Applications have come from the US, Russia, England, Spain, Germany, Japan, Myanmar, Austria and Sri Lanka, as also from West Asian and Southeast Asian countries among others.

Forty students or Nalanda Fellows have be admitted to the School of Historical Sciences and School of Environment and Ecology with which the university will initially start functioning at the Buddhist pilgrim town of Rajgir, about 100 km from state capital Patna, where the sprawling university is set to come up.

“About 40 students from different countries enrolled in two schools of Nalanda university will be provided hostel accommodation in Hotel Tathagat,” which is owned by the Bihar State Tourism Development Corporation (BSTDC), a university official told IANS from Rajgir.

“The hotel, which is spread over three acre land near a hot springs site, has lush green surroundings. Part of it will function as a hostel for two to five years,” the official added.

The university will pay over Rs.1 crore ($166,000) per annum to the BSTDC for the facility.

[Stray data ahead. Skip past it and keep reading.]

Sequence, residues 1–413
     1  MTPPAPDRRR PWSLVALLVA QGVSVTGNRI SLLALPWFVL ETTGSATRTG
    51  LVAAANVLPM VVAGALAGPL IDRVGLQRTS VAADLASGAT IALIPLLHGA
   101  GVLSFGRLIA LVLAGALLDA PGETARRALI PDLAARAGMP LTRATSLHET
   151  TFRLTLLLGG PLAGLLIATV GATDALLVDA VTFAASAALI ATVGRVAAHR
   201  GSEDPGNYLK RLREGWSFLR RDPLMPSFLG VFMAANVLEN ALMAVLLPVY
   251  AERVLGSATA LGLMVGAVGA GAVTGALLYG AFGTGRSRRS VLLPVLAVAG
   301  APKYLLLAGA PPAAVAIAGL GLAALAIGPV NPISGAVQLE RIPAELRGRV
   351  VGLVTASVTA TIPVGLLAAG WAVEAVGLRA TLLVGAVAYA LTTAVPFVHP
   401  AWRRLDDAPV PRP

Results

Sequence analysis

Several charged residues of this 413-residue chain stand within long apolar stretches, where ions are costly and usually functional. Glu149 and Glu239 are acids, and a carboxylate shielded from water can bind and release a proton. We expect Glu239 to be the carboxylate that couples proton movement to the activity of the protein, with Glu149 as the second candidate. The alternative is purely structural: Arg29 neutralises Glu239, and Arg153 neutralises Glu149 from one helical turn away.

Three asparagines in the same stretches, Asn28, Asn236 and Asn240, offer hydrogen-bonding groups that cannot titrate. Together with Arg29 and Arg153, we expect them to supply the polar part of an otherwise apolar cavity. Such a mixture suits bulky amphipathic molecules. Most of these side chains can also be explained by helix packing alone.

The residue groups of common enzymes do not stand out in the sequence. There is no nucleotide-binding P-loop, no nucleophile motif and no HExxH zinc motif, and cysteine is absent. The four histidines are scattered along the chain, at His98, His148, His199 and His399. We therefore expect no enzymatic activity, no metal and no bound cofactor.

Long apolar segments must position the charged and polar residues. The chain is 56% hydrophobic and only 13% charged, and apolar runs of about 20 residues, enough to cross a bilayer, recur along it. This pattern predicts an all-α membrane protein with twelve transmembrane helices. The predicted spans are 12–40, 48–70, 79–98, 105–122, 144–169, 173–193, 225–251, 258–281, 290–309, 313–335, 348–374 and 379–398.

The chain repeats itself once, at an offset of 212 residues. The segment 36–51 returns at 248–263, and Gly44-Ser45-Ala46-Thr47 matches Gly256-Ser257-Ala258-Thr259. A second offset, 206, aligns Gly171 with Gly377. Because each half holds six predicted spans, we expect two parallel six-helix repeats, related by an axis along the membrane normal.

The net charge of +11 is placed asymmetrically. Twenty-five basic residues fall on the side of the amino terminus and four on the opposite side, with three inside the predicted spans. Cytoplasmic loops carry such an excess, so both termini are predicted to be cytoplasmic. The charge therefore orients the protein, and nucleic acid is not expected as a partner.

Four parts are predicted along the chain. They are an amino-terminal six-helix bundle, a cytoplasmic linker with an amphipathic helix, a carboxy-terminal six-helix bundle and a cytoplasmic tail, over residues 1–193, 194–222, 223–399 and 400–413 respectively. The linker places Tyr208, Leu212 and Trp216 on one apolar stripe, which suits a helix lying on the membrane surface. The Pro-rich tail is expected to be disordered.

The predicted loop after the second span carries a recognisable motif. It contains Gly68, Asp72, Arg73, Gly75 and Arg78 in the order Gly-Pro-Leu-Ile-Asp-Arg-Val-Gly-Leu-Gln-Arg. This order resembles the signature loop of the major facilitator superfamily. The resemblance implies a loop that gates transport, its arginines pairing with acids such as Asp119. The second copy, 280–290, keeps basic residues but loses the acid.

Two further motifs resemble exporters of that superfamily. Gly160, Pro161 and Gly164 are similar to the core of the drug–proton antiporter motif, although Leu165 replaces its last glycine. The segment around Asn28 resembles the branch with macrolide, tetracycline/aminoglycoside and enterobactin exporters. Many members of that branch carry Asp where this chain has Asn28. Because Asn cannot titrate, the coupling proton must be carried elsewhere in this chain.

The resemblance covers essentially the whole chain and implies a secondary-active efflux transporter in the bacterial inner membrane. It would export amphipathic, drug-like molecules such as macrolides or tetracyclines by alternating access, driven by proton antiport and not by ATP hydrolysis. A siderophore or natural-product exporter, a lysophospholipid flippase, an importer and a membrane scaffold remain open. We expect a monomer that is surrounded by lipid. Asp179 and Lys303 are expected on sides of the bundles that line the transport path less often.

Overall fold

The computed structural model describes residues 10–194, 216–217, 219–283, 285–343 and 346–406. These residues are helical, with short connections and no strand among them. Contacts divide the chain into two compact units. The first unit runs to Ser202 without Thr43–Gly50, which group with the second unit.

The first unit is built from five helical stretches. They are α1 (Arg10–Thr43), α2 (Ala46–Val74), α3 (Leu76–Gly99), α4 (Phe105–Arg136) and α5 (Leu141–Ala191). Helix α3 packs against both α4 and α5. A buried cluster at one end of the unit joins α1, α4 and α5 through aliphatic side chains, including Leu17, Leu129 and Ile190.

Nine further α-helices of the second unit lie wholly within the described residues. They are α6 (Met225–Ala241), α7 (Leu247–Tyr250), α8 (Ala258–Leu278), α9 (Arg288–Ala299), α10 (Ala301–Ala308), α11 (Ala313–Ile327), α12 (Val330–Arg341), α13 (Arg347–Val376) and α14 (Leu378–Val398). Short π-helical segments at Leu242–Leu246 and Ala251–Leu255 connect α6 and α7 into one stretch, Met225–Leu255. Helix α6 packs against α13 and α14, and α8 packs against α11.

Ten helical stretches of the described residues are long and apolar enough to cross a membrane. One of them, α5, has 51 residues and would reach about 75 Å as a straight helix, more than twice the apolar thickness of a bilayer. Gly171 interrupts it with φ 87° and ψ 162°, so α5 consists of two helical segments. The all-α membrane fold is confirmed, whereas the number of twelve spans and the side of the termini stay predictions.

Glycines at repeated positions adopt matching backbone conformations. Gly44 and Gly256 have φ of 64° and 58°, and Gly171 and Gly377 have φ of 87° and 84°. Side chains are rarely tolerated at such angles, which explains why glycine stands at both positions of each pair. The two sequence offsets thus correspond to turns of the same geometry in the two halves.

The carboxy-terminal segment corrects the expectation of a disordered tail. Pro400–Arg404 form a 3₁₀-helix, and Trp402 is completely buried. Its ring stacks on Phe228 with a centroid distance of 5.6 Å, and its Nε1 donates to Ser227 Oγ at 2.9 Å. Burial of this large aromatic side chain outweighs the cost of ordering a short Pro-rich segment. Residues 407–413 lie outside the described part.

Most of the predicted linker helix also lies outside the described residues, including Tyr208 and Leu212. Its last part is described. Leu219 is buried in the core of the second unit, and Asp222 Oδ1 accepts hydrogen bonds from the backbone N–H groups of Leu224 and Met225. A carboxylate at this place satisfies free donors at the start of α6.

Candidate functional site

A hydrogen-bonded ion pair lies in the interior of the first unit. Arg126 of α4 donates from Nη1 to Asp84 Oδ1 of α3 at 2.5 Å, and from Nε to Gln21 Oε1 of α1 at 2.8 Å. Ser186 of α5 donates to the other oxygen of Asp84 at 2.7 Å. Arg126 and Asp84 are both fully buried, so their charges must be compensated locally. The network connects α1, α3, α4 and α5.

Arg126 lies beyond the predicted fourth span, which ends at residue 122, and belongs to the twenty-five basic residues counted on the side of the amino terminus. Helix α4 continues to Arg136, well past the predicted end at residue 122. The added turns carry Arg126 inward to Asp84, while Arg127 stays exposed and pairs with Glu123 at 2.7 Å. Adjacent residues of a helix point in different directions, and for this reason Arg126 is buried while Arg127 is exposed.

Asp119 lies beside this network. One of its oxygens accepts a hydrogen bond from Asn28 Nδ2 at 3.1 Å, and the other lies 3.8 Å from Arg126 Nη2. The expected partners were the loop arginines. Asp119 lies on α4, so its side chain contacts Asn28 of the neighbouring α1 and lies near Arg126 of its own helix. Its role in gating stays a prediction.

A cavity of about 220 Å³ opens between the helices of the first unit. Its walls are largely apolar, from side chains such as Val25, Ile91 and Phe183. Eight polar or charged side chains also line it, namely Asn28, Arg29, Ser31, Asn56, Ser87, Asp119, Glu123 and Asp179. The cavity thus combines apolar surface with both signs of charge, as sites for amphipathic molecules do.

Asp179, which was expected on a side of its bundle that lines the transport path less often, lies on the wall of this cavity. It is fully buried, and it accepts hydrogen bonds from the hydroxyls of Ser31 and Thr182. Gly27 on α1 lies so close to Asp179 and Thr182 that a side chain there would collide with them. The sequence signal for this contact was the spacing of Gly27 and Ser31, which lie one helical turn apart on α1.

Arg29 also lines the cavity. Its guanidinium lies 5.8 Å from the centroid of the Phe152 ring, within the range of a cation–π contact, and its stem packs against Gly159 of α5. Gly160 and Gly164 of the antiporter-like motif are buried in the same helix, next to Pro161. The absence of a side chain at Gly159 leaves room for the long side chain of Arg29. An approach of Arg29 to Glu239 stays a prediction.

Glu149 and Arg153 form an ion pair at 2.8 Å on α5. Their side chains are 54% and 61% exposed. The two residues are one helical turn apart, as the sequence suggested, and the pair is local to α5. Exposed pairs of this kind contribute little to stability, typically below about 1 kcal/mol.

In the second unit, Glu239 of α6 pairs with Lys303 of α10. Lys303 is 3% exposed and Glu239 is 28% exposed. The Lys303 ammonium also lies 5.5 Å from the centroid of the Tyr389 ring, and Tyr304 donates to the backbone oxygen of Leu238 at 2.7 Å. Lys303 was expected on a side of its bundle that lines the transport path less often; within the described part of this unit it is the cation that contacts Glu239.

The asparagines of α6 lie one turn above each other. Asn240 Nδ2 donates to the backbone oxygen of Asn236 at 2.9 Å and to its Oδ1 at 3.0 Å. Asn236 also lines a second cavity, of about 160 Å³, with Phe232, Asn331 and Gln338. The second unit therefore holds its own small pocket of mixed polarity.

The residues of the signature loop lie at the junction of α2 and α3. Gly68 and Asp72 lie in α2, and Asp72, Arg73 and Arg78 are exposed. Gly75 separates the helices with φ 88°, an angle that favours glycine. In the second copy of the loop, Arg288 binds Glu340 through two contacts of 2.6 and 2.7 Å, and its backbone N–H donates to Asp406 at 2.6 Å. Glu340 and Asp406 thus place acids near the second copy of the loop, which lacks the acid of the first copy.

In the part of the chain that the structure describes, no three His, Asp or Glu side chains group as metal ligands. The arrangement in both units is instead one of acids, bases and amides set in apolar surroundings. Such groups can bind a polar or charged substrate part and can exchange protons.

“It will be comfortable for students because classes would be held at the nearby convention hall of the state government,” the official added.

Rajgir attracts thousands of tourists from all over the world every year. It is the second-most visited tourist place in the Buddhist circuit in Bihar after Bodh Gaya, considered the birthplace of Buddhism, where Gautam Buddha attained enlightenment over 2,500 years ago. Rajgir (then Rajagriha) was the first capital of the Magadha kingdom and one of the favourite places of the Buddha.

Six faculty members have been appointed for each of the two schools. They are from New Zealand, England, the US and Singapore, among others.